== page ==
FIG. 1.
FIG. 1.

Calibration curve for our model. Perfect calibration is suggested by following the diagonal dashed line. Observations above the diagonal suggest more conservative predictions, whereas those below the diagonal suggest more aggressive predictions. Figure is available in color online only.

It is, however, with great interest that, while we do note a discrepancy and separation between patients predicted to need readmission and those predicted not to require readmission, the model fails to calibrate most for true positives. As such, our model tends to predict readmissions conservatively (as is reflected in our calibration curve [Fig. 1]) with average likelihood probabilities for true readmissions reaching roughly 36%. While this still allows for a large discrepancy and separation of classes from those predicted to not require readmission (with average likelihood percentages reaching only approximately a 7% likelihood), it does shed light on the fact that the variables used in our model likely only play a relatively small role in the overall recipe for readmission. This reflects the realistic nature of hospital readmissions—there are many outside and confounding factors involved that likely contribute outside of observable clinical attributes. Despite our model’s best discernment, it continues to predict readmissions on a case-by-case basis for even the strongest candidates at a modest probability of only 36% on average.

These probabilities, while relatively small, do in fact still provide useful clinical utility in classifying patients as potentially high risk. Discrimination continues to allow for quick and real-time risk stratification. Similarly, while 36% is a relatively small probability for patients testing positive, readmissions themselves are very costly and problematic. Similar to the argument and use of preventative medicine, spending a minimal amount of resources upfront despite a small underlying probability oftentimes tends to prove more cost-effective. Likewise, the large financial and emotional burden for patients required to return to the hospital is difficult for all parties involved and, if possible, should be prevented and avoided.

In conclusion, we agree with the need for more publicity of calibration as it relates to predictive analytics and as it continues to be a relevant aspect in clinical management. However, while useful, calibration needs be used cautiously and in the appropriate context as failure to treat or overtreatment can often be disproportionately costly in case an unlikely event does occur.

References

  • 1

    Brownlee J. How and when to use a calibrated classification model with scikit-learn. https://machinelearningmastery.com/calibrated-classification-model-in-scikit-learn/. Accessed January 30, 2020.

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  • 2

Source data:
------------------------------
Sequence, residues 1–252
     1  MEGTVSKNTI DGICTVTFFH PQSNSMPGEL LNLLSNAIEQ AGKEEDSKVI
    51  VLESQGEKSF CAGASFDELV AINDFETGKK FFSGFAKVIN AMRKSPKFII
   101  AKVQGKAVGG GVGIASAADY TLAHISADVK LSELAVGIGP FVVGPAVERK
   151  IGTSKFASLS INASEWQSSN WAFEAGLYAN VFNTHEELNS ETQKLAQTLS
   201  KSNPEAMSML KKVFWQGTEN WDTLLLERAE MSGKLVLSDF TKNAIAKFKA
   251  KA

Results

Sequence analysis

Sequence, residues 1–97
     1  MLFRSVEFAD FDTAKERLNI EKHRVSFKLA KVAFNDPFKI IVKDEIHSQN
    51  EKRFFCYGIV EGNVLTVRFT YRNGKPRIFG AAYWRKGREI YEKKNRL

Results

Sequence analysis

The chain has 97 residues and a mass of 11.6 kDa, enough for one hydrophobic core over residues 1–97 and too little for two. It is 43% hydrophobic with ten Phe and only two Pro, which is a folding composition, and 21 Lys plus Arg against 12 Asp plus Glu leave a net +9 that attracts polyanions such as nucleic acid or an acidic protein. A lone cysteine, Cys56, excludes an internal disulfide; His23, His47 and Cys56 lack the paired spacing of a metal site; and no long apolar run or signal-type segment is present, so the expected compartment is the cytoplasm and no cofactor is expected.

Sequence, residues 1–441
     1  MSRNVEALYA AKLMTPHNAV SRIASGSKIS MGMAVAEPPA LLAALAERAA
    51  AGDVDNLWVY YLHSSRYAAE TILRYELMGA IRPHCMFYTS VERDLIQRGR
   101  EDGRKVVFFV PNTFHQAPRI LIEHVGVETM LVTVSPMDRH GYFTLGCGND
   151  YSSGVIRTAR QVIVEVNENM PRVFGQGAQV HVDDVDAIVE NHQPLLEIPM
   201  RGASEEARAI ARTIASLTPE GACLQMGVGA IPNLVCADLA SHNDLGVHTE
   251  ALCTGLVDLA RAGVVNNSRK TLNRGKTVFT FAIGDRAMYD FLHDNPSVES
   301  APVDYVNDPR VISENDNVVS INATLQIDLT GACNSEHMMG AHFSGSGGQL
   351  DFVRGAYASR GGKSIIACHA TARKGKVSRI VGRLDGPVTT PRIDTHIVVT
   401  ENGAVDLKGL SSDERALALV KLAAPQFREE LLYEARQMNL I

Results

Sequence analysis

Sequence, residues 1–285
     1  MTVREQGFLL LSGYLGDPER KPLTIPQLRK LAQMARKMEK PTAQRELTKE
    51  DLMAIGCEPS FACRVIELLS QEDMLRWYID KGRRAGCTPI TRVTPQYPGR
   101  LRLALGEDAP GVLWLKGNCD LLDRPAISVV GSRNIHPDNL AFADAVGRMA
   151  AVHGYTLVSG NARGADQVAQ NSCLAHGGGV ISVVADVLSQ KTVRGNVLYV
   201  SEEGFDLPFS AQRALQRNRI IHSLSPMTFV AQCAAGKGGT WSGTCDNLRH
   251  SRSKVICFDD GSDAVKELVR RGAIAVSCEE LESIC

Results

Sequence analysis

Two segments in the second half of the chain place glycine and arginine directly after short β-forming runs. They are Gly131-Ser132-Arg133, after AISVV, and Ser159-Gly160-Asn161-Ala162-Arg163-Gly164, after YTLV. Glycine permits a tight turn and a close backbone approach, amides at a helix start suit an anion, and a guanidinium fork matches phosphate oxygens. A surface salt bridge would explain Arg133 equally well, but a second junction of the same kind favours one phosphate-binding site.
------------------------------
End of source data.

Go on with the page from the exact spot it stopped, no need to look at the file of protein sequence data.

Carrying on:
Kull M, Silva Filho TM, Flach P. Beyond sigmoids: how to obtain well-calibrated probabilities from binary classifiers with beta calibration. Electron J Stat. 2017;11(2):50525080.

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Contributor Notes

Correspondence Victor E. Staartjes: victoregon.staartjes@usz.ch.

INCLUDE WHEN CITING Published online February 21, 2020; DOI: 10.3171/2019.12.SPINE191503.

Disclosures The authors report no conflict of interest.

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    Calibration curve for our model. Perfect calibration is suggested by following the diagonal dashed line. Observations above the diagonal suggest more conservative predictions, whereas those below the diagonal suggest more aggressive predictions. Figure is available in color online only.

  • 1

    Hopkins BS, Yamaguchi JT, Garcia R, et al. Using machine learning to predict 30-day readmissions after posterior lumbar fusion: an NSQIP study involving 23,264 patients. J Neurosurg Spine. 2020;32(3):399406.

    • Search Google Scholar
    • Export Citation
  • 2

    Debray TPA, Vergouwe Y, Koffijberg H, et al. A new framework to enhance the interpretation of external validation studies of clinical prediction models. J Clin Epidemiol. 2015;68:279289.

    • Search Google Scholar
    • Export Citation
  • 3

    Guo C, Pleiss G, Sun Y, Weinberger KQ. On calibration of modern neural networks. http://arxiv.org/abs/1706.04599. Accessed January 30, 2020.

    • Search Google Scholar
    • Export Citation
  • 4

    Niculescu-Mizil A, Caruana R. Predicting good probabilities with supervised learning. In: Proceedings of the 22nd International Conference on Machine Learning, ICML ’05. New York, NY: ACM; 2005:625632. http://doi.acm.org/10.1145/1102351.1102430. Accessed January 30, 2020.

    • Search Google Scholar
    • Export Citation
  • 5

    Janssen KJM, Moons KGM, Kalkman CJ, et al. Updating methods improved the performance of a clinical prediction model in new patients. J Clin Epidemiol. 2008;61:7686.

    • Search Google Scholar
    • Export Citation
  • 1

    Brownlee J. How and when to use a calibrated classification model with scikit-learn. https://machinelearningmastery.com/calibrated-classification-model-in-scikit-learn/. Accessed January 30, 2020.

    • Search Google Scholar
    • Export Citation
  • 2

    Kull M, Silva Filho TM, Flach P. Beyond sigmoids: how to obtain well-calibrated probabilities from binary classifiers with beta calibration. Electron J Stat. 2017;11(2):50525080.

    • Search Google Scholar
    • Export Citation